U.S. Marine Cpl. Robert Hendriks was killed in an improvised explosive device (IED) attack in Bagram, Afghanistan on April 8, 2019, along with two other Marines. Now, with new reports circulating that Russian spies paid bounties to the Taliban to kill U.S. troops, Hendriks’ mother wants to know if her son was the target of such a paid killing.
Hendriks’ mother, Felicia Arculeo of Long Island, N.Y. said in a statement to CNBC News, that “the parties who are responsible should be held accountable, if that’s even possible.”
Arculeo said she last spoke to U.S. intelligence and military officials on Friday, the same day reports emerged claiming Russia’s GRU intelligence service had offered bounties to Taliban fighters to kill U.S. troops.
“I just happened to randomly see” the news about the report, Arculeo said. “I got pretty upset.”
The reports, first circulated by The New York Times, further suggested Trump had been briefed about the intelligence as early as March of this year, but had not determined a course of action on the issue.
On whether the issue should be investigated further despite Trump’s denial he knew about the report, Arculeo told CNBC, “absolutely, that should be investigated.”
In a separate interview with The Times, Frank Hendriks, Robert’s father and Arculeo’s former spouse, said “if it comes out as true” that his son was the target of a Russian bounty, “obviously the heartache would be terrible.”
“I am a Republican and I am a Trump supporter,” Hendriks told the Times. “But there would be no way he didn’t know about it if Russians were paying off these cowards like mafia payoff hit men. I would expect the government to have 1,000 percent support behind these warriors.”
Shawn Gregoire, the mother of another slain U.S. service member Army paratrooper Spc. Michael Isaiah Nance, also called for answers regarding the death of her son. Nance was killed by an Afghan soldier in Tarin Kowt in an insider attack on July 29, 2019.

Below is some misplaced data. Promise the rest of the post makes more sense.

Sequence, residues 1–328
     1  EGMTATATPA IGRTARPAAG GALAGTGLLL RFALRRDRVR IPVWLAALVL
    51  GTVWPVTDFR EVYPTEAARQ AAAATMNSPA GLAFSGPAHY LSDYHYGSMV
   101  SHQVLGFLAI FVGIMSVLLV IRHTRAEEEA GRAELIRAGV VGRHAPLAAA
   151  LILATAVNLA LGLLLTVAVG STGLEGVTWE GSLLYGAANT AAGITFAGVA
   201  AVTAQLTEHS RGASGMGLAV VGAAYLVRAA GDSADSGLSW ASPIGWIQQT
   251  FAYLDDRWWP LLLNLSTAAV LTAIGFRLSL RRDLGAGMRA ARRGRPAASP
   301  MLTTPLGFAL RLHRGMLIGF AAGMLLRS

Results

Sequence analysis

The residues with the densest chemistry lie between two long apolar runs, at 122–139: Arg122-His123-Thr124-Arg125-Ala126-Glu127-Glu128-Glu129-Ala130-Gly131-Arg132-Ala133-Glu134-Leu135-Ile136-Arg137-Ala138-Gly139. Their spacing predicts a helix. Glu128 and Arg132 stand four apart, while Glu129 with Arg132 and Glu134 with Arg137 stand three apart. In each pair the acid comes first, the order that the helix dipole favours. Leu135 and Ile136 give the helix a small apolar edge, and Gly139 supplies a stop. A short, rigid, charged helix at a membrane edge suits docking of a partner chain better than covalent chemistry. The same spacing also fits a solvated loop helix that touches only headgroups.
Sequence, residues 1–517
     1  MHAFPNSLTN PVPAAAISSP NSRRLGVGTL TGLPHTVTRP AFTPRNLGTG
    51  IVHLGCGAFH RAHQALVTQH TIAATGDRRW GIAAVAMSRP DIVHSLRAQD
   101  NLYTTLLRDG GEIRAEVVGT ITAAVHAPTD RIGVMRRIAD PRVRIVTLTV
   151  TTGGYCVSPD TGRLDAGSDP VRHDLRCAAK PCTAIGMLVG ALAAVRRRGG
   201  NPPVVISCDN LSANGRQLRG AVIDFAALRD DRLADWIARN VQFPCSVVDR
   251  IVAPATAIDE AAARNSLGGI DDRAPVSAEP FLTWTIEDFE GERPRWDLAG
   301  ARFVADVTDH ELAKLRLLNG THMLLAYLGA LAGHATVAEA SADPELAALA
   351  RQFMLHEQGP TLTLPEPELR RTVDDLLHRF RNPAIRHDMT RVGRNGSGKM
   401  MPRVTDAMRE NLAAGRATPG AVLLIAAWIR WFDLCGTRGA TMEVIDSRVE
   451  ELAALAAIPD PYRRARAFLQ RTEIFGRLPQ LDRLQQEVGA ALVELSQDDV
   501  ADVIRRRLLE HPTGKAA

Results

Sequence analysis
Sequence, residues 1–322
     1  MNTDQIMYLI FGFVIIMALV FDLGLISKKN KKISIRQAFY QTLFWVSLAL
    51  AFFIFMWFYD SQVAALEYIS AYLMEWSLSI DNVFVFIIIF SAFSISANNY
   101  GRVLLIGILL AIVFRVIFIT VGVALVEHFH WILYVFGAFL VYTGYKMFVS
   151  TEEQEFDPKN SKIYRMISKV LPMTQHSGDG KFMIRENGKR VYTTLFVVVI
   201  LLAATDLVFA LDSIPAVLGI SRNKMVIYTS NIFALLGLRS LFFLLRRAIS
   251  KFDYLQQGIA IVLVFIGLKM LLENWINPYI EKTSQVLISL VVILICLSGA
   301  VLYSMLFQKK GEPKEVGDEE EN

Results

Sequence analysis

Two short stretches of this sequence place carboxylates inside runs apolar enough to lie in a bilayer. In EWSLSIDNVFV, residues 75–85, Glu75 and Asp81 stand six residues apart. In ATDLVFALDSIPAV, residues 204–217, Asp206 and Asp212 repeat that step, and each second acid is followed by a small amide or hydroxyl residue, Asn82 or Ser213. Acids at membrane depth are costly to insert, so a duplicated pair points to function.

No reports have linked Nance’s death to a Russian bounty payment, but the Afghan soldier in the attack was captured after the shooting. Gregoire told CNBC she has yet to receive an after-action report following her son’s death and the latest news has only raised more questions in her mind.
“I really want someone to get to the bottom of this,” Gregoire said.
A Monday report by The Associated Press suggests a different timeline about when Trump could have known about the potential insider, suggesting the White House had the intelligence as early as March 2019, months before Nance’s death. Also on Monday, Rep. Chris Stewart (R-UT) raised the possibility the Russian bounty claims may have existed in a written report for some time, but that intelligence officials chose not to brief the president due to a lack of corroborating information.
Gregoire said she saw the AP report but said “even if [Trump] was not briefed, what’s happening now?”